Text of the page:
Buildings scratch vs kit-built
QI’m starting a new layout and want to hear your thoughts on scratchbuilt, kit-built, and ready-to-plant buildings. Gary Lloyd, Birmingham
Mike says: Some people will tell you that real modellers scratchbuild everything, but ultimately this is your layout; build what you find most enjoyable and rewarding and you won’t go far wrong. On a more practical note, if you’ve only ever used proprietary resin buildings but would like to start building your own structures, then kits provide something of a halfway house – no pun intended… Then again, if you’re not one to shy away from a challenge, there’s plenty to learn from building your own structures from scratch. ‘Ready-to-plant’: We’re all familiar with the Bachmann Scenecraft and Hornby Skaledale ranges; these proprietary resin buildings are good to go straight from the box. And if you’re partial to getting the brushes and paints out, there’s no reason why you can’t paint or weather them to suit. Things can get difficult if you’re building a specific prototype (although some prototype ranges are available) but the quality of each product and the relative lack of modelling experience needed to put them to good use are attractive prospects – particularly if your sole focus is operation. Kit-building: Kits are both rewarding, slightly quicker to make than scratchbuilds, and easily customised or adapted. Back in MR232, Paul A. Lunn demonstrated just how versatile even age-old kits can be – so long as you’re willing to get creative. Some kits, such as Metcalfe’s card or 4Ground’s laser-cut structures, come already finished and are made specifically to be constructed quickly and easily. Laurie Calvert’s ‘Terror St’ (see image below) is a fine example of a layout that’s made almost entirely using Metcalfe structures. In fact, Laurie purchased some of the buildings ready-made at an exhibition. Scratchbuilding: It’s the most advanced method of populating your layout with structures. It’s time-consuming, difficult to master, and (at times) frustrating, but it’s also highly rewarding. Best of all, you’re only ever limited by your imagination – no prototype is ever out of the question. Scratchbuilds can even be a necessity, should you choose to build in a scale that isn’t well supported commercially, such as 3mm. Allan Downes is the undisputed king of scratchbuilding and is famed for his beautifully detailed 1:43 scale chocolate box cottages (see main image). His skills have been honed over the years, and his tried and tested methods are proof that scratchbuilding needn’t be overly complicated, time-consuming or difficult. Bespoke commissions: This is almost certain to be the most expensive option. But it does provide the luxury of ready-to-plant buildings that can be tailored to suit any prototype. Bespoke kits are also available from etched metal and laser-cut specialists, giving you the satisfaction of building (and sometimes finishing) finescale structures. Mix and match: A lot of modellers choose to populate their layouts with a mixture of scratchbuilt, kit-built, and ready-to-plant structures – you don’t have to stick to just one method! When mixing building styles, modellers often place the most detailed buildings at the front of the layout, saving the rest for the back. If you’re new to scratchbuilding, for example, it might be a good idea to practise your skills on building the less prominent buildings at the rear of your layout, where imperfections won’t be quite so noticeable, and keep your more expensive buildings for the foreground. As always, experiment and find out what you find most enjoyable. This is your hobby and it should never feel like a chore.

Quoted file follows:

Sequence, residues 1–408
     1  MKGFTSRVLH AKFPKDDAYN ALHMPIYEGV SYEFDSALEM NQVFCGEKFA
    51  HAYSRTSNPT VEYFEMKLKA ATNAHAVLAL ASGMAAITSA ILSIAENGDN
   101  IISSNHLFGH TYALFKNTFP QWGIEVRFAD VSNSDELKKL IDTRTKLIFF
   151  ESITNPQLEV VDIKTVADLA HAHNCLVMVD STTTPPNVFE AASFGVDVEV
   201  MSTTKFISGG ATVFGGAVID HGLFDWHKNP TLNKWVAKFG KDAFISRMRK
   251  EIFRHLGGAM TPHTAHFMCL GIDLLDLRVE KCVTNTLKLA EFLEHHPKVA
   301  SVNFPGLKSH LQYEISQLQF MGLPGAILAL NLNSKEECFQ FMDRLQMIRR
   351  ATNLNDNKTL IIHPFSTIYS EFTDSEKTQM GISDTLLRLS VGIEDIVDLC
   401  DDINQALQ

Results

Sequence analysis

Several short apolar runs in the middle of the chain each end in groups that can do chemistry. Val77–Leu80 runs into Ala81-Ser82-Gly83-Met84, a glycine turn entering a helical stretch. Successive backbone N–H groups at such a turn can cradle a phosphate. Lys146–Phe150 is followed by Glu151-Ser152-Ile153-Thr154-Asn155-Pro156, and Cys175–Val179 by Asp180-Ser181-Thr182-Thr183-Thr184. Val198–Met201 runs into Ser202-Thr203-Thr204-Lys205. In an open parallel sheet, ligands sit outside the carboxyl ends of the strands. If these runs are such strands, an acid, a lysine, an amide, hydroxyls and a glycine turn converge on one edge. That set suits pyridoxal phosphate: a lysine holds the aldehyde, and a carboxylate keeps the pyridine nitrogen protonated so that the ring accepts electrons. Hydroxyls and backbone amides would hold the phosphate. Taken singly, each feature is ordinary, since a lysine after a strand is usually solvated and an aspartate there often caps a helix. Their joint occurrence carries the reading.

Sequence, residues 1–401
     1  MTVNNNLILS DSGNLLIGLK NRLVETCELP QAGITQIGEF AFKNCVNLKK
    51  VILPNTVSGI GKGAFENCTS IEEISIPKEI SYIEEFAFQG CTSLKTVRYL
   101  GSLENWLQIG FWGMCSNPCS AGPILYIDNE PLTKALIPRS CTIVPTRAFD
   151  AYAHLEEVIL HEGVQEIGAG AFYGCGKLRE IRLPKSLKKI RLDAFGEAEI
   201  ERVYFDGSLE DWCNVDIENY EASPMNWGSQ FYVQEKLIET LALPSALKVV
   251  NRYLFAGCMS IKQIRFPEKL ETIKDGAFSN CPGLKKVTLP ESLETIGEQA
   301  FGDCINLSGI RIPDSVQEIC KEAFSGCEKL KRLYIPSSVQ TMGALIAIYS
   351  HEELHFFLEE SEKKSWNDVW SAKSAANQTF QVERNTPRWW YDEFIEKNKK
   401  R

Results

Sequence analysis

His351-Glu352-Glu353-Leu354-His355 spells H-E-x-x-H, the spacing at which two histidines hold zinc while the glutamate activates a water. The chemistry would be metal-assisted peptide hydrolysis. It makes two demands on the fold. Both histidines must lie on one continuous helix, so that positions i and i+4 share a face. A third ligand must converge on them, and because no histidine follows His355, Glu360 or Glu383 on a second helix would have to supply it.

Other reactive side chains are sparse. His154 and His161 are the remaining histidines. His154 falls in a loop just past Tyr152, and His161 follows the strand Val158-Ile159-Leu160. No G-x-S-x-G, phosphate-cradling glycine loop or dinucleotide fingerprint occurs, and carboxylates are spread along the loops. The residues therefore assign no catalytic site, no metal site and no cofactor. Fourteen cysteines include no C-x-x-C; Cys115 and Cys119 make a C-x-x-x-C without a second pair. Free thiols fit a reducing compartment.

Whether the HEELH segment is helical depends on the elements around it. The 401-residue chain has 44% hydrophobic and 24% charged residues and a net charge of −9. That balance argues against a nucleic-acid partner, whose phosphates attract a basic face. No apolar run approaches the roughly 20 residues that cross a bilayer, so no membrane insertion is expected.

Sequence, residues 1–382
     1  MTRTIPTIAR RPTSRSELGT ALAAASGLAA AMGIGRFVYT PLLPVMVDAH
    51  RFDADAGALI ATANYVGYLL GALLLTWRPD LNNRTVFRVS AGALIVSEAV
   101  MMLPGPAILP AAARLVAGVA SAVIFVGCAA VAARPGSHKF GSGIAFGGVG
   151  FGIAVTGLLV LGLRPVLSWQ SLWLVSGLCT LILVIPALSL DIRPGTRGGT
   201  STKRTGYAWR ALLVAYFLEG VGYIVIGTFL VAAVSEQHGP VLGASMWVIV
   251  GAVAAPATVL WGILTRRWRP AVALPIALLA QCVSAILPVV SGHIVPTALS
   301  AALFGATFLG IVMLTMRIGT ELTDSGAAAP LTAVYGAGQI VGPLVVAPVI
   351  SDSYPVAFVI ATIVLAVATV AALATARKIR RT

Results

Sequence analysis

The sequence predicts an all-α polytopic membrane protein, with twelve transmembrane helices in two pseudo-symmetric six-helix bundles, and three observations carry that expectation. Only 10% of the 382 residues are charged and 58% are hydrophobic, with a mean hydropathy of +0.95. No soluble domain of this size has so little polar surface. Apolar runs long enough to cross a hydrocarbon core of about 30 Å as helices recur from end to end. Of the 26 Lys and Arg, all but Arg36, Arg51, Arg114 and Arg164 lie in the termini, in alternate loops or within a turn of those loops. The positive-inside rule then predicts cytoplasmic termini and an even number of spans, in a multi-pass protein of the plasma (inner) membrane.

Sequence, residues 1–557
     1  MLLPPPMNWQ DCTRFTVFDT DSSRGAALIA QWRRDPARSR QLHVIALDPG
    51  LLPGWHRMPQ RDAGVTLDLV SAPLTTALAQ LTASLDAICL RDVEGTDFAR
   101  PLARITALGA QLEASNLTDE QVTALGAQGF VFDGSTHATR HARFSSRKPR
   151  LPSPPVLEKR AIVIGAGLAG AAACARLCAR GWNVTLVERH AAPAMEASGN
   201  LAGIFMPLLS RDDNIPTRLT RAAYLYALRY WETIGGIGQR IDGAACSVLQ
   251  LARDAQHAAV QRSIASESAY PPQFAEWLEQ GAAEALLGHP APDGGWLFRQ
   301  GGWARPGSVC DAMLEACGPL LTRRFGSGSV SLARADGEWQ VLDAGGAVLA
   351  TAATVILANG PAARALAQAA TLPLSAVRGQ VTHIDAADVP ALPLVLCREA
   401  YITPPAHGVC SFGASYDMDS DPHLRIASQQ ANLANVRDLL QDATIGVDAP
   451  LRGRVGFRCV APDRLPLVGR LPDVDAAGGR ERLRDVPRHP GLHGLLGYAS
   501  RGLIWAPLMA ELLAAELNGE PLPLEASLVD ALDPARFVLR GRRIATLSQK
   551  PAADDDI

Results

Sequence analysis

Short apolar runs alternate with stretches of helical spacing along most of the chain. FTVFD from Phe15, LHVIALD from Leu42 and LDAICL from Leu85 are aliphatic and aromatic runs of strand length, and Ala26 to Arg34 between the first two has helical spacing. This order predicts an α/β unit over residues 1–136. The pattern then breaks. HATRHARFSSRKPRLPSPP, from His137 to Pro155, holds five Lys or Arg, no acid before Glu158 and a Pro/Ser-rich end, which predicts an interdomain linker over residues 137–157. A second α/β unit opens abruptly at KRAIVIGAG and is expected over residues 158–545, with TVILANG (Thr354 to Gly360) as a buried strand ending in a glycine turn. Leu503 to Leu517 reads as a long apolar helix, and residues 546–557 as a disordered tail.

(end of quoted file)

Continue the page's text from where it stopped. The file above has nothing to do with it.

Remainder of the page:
This fishing village might look photorealistic, but Allan Downes’ techniques aren’t as complicated as you might think. CHRIS NEVARD